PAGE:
- I had pretty bad stomach cramping the day after we arrived. I worried that I might be suffering from some sort of serious health issue—possibly diverticulosis. But the cramps mysteriously went away on their own after about twelve hours. I’m fairly certain it was just jet-travel gas pressure.
- The flower-petal/pearl building is actually a new mega-mall under construction.
Baku is a cosmopolitan city. One report likens it to “Paris meets Dubai,” which seems like at least a good introduction to ways of thinking about it (although I’ve never been to Dubai). The city reminded me a little of Singapore: newly and expensively laid out and manicured, but on a much huger Soviet scale, so that it takes ten minutes to walk from here to the end of the block; chock full of fun but flimsy touristy things to do, like take a sixty-cent funicular lift up to terraced lookout points done in more marble (you can also visit Baku’s “eternal flame” up there, powered by endless natural gas); lots of fast food; and wildly expensive luxuries sharing space with dirt poverty. But perhaps the most arresting thing, not Singaporean at all, was how few people spoke English at all. For the record, I don’t expect English to be universal, and I’m still endlessly grateful that I can walk into almost any country, start speaking my language, and find someone to understand me within a few minutes. But I was quite surprised that a place as international as Baku could barely speak the international language. Even the name of the city was mired in language confusion: they spell it Baki, laying heavier emphasis on the other side of the difficult-to-utter final vowel.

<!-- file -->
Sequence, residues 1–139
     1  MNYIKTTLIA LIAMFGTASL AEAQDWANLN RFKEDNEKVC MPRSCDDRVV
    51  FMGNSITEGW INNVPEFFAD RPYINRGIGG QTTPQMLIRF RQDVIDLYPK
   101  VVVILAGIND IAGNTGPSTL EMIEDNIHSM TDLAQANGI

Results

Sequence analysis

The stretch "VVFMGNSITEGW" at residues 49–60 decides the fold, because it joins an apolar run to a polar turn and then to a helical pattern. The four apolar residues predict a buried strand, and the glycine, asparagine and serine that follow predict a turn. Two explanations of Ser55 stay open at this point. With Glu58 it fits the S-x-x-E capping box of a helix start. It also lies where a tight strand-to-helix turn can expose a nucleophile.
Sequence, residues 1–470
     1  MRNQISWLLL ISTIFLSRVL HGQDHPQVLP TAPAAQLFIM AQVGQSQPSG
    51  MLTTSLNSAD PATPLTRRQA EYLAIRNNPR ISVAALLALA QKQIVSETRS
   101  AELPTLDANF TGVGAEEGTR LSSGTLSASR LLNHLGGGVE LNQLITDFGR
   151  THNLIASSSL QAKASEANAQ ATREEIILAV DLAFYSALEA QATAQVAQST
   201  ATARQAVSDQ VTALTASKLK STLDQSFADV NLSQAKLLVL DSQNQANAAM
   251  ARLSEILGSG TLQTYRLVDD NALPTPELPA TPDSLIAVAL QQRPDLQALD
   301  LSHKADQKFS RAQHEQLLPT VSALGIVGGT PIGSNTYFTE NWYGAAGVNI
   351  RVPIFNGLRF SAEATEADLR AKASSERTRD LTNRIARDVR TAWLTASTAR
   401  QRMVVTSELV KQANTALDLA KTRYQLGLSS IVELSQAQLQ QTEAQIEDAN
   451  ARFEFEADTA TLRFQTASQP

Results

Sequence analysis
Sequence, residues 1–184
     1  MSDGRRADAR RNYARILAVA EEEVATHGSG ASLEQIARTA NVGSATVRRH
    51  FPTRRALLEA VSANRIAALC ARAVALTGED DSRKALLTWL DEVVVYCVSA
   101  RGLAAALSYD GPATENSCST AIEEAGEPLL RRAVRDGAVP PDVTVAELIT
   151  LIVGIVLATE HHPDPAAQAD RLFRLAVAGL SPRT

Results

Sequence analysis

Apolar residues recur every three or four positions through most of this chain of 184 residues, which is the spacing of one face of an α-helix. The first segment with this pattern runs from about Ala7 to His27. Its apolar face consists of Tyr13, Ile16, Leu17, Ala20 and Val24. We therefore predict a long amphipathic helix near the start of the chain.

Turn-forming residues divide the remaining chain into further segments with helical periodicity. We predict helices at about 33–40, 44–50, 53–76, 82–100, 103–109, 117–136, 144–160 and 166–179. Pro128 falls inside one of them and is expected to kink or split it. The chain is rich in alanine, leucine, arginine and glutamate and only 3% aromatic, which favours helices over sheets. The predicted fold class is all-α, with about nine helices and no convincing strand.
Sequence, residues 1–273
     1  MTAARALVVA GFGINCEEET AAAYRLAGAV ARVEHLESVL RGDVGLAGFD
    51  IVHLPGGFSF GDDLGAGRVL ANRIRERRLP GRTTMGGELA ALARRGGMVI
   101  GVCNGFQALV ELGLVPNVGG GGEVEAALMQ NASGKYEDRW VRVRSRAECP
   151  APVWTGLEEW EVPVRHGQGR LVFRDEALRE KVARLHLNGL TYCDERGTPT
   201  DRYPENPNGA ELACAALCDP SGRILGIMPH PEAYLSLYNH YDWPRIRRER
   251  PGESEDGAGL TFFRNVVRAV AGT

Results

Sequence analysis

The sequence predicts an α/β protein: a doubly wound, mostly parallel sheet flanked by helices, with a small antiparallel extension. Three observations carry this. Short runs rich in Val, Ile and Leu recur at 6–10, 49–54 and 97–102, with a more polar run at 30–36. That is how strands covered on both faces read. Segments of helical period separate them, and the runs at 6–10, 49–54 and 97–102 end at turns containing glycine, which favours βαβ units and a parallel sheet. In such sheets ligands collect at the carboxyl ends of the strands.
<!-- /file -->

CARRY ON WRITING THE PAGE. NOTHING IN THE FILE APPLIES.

Baku quickly began to seem strange in so many ways. I decided that its appeal went exactly as far as this strangeness went, as far as its incomprehensibility: on the surface, nothing much was really compelling save for the occasional garish but basically empty spectacle; it was how the surface interacted with what was beneath it that commanded attention. Which is to say: what was this place, exactly? From the upper terminus of the funicular, we kept walking higher toward the eternal flame monument. The marbled walkway was lined with the macabre images of many dozens of national martyrs who died at the hands of the Soviets in 1990, when border tensions resulting from insurgent nationalism led the Kremlin to send the military into Baku. (The date, 20 January 1990, is infamous in Azerbaijan.) Walking by this long, grim memorial on the way to the city’s brightest sign of eternal life was jarring.